Erin’s story and some words of wisdom………. 

Falling pregnant was a big surprise for me and my husband at my age of 48. The chance of natural conception was like winning the lottery.  Our beautiful Erin is worth more than winning the lottery.  

We were just getting used to the idea of being parents for the first time after getting over hurdles of the high chance of miscarriage and other complications and then at 21 weeks, our world turned upside down.  To cut a long story short I ruptured my membranes at 24 weeks after having a cervical stitch inserted at 21 weeks.  The roller coaster ride began, the information you are given and then the decisions you have to make between 24 and 26 weeks whether you want to resuscitate your baby or not ie do you want to give your baby a chance to live or not are decisions no parent should ever have to make needless to say a very emotional time and lots of tears.  Every night I would look at the clock striking past midnight and I would think yes one more day my baby is a little stronger and bigger.  I had worked out from serial ultrasounds she would grow 13 grams a day which doesn’t seem a lot but for a baby, at this gestation it means a lot.       

After holding onto my precious bundle for another 4 weeks mostly as an inpatient on the antenatal ward I went into labour on the 25/11/2013 and Erin came into the world at 28weeks weighing 1031 grams.   Because Erin had to be nursed in a humid environment I had to wait a whole week till I could hold Erin I felt so cheated, when I got to do kangaroo care for the first time I just cried and cried.   Thankfully Erin had what you would describe an uneventful course through the Newborn Care with only a few minor setbacks and was discharged home 8 weeks later weighing 2350 grams.  Our beautiful daughter is now 22 weeks old (or 10 weeks corrected) and weighs 5830 and is delighting us every day with something new.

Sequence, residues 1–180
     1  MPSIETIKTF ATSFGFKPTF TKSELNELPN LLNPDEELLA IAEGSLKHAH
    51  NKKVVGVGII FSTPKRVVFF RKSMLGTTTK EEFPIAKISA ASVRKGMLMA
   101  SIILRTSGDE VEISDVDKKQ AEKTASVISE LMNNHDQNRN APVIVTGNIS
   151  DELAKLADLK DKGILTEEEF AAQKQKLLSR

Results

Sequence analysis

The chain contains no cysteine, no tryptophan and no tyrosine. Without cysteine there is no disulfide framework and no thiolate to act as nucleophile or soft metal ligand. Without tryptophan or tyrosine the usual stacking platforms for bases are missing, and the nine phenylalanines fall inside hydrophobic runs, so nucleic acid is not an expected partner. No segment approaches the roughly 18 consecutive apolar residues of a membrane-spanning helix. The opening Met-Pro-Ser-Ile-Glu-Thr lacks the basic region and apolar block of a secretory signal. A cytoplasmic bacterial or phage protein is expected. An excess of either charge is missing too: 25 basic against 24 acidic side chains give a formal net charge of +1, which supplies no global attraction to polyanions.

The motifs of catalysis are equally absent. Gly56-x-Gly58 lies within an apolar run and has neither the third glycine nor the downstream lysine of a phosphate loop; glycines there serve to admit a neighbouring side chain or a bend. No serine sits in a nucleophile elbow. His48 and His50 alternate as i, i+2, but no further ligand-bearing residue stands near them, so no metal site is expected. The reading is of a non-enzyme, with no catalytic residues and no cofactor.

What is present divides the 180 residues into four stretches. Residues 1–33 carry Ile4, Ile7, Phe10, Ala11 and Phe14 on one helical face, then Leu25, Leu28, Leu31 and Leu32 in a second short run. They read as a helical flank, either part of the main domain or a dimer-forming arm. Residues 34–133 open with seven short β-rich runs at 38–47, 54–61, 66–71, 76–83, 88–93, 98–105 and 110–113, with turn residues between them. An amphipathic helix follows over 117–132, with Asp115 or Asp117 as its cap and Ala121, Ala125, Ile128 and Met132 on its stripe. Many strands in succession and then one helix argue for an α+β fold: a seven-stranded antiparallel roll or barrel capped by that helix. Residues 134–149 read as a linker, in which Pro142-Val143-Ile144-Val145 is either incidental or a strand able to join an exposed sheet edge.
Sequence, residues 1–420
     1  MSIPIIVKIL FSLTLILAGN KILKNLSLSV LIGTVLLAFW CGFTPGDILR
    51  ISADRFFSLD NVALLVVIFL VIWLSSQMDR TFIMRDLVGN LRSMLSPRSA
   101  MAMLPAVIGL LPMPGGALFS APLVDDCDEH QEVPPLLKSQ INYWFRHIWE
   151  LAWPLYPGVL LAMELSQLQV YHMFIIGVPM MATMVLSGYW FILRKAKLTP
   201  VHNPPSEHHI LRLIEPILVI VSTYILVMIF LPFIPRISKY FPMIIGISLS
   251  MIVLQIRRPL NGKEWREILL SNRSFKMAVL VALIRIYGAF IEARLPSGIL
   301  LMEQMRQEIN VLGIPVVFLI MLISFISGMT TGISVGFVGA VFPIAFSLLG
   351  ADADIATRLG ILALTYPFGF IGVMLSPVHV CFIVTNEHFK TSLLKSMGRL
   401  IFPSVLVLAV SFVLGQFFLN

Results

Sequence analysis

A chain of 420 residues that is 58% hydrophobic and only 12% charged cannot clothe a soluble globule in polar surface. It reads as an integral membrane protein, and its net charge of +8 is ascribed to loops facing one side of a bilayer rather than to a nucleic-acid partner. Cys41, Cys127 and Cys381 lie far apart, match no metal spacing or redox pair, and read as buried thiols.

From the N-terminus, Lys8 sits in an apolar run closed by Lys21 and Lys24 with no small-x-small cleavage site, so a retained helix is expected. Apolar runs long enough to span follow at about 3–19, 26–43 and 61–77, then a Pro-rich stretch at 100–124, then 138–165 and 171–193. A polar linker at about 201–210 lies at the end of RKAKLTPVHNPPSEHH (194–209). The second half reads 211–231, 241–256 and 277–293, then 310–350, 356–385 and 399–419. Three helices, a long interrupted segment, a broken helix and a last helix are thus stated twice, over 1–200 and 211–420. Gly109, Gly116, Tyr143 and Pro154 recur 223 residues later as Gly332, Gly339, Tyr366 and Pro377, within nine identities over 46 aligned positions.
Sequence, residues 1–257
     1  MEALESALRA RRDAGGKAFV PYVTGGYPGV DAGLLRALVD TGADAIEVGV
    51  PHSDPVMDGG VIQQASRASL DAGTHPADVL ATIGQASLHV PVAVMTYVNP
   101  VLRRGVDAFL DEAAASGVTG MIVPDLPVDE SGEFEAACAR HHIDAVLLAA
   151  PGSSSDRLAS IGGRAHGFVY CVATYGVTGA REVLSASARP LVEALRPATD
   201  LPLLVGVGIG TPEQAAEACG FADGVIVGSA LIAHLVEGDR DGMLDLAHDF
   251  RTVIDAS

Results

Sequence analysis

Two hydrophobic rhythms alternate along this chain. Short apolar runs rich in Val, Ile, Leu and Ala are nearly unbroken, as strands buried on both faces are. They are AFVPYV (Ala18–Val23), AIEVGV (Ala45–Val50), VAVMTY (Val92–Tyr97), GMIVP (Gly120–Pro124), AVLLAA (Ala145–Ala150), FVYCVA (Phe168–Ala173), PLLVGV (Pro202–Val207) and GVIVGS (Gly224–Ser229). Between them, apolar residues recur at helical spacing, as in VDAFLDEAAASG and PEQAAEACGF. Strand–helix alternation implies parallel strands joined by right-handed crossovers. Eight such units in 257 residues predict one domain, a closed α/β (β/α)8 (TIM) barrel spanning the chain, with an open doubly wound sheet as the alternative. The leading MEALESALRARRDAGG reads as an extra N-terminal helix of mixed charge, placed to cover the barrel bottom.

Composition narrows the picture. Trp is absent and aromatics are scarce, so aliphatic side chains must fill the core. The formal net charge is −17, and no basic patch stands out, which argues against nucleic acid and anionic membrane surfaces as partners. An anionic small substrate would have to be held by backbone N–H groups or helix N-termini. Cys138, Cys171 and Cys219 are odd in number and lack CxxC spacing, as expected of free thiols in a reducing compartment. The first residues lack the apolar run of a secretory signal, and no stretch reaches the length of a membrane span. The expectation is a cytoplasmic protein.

Some words of wisdom from a mum with a baby born prematurely.

  • You will know your baby better than anybody else so if you have concerns voice them ask the staff lots of questions particularly if you don’t understand what is going on.  No question is ever silly.  Try to make doctors rounds you get a lot of information from them and a chance to ask lots of questions.
  • Make friends with other parents in the nursery I started a facebook group with mums that I was in with and they are invaluable support,  we now meet regularly together you give each other strength and support as you have been on journeys together.
  • It is probably more economical to buy a breast pump instead of hiring.
  • Don’t compare your baby to others they are all little individuals with their own little journey
  • If you don’t have a good GP with paediatric interest find one before you need them (ask other mums, staff or your Early Childhood Nurse
  • Keep communicating with your partner you both may be feeling different things an have a different understanding of what is happening so clarify things with each other and make time for each other.
  • I wish I had of known about the T-shirt sling it would have been perfect for months (Erin is too big for it now)
  • Start a journal it helps track the progress of your little one and helps you remember things
  • Drinks lots of water and take in healthy snacks to eat while you are at the hospital, it will also help your milk supply.